U.S. Interests and a Reunified Korea

Once Korean reunification takes place, the United States will continue to have a major stake in and around the Korean Peninsula. As noted earlier, the primary U.S. interests will include ensuring a peaceful and stable region, preventing the emergence of new security threats, and supporting Korea as it embarks on building a unified country.

The analysis below generally assumes that Korean reunification will take place peacefully. However, if reunification occurs through other than peaceful means, the environment in which the United States pursues these interests would be highly complex, and the challenges that both the United States and the ROK would face would be considerably greater.

An urgent post-reunification goal for the United States would be to provide all possible assistance to the ROK’s reconstruction, rehabilitation, and reconciliation process. While the leadership and major resources for this process can be expected to come from the ROK itself, the complexity and scope of these tasks will require outside assistance from the United States, Korea’s neighbors, and other elements of the international community, including UN-related organizations.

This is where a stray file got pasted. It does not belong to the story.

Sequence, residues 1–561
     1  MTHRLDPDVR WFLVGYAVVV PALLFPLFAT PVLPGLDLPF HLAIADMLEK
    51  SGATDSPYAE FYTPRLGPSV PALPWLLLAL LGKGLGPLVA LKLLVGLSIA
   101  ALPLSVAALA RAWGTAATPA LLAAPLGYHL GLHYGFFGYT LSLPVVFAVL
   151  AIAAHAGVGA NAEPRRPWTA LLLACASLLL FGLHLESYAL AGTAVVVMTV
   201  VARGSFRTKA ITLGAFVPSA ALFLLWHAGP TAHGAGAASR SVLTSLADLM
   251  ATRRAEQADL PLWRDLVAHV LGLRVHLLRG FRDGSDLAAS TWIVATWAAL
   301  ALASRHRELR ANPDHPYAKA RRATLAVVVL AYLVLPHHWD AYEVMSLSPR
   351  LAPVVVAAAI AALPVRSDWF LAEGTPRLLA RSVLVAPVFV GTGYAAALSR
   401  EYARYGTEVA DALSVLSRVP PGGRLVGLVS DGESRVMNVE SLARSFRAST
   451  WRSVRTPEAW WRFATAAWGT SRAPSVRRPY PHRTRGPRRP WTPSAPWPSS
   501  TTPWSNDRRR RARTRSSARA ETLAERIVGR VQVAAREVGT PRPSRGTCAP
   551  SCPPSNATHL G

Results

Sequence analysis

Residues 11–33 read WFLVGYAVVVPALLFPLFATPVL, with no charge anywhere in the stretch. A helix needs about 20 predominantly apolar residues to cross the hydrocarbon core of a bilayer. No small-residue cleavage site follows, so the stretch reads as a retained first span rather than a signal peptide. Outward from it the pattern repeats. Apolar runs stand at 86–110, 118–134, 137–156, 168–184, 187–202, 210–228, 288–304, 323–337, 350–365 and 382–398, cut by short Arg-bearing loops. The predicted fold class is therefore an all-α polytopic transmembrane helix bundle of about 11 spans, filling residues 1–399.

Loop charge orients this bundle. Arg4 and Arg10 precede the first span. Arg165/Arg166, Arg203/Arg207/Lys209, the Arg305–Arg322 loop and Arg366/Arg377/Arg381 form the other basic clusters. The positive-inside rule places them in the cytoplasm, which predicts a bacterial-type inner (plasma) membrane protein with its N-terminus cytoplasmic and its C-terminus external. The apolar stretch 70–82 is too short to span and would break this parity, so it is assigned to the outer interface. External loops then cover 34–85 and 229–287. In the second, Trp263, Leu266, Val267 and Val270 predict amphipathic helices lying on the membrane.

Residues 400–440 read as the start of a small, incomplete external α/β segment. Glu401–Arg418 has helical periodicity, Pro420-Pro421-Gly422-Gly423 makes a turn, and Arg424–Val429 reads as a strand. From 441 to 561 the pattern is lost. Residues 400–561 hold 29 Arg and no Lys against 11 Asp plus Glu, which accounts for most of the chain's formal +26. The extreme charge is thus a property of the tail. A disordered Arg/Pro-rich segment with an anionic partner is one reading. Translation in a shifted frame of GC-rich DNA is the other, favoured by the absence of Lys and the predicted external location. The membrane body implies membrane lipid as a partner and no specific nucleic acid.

The United States, because of its role as the ROK’s sole treaty ally and its international leadership role, will be in a unique position to assist Seoul in this endeavor. This could include the provision of economic, food, and other humanitarian assistance to the northern part of united Korea. The United States would also be well placed to work closely with Japan to encourage Tokyo to do its utmost to support Korea’s transition to united nationhood.

The United States will have a significant stake in ROK efforts to dismantle the Korean People’s Army’s offensive military capabilities and to demobilize and integrate former KPA forces into Korean society. Korea’s success in these two areas, and in establishing security and the rule of law in the former North Korea, will be crucial to preventing new security challenges from arising after reunification. A violent collapse of North Korea or a hotly contested absorption of the North by the South would enormously complicate this task.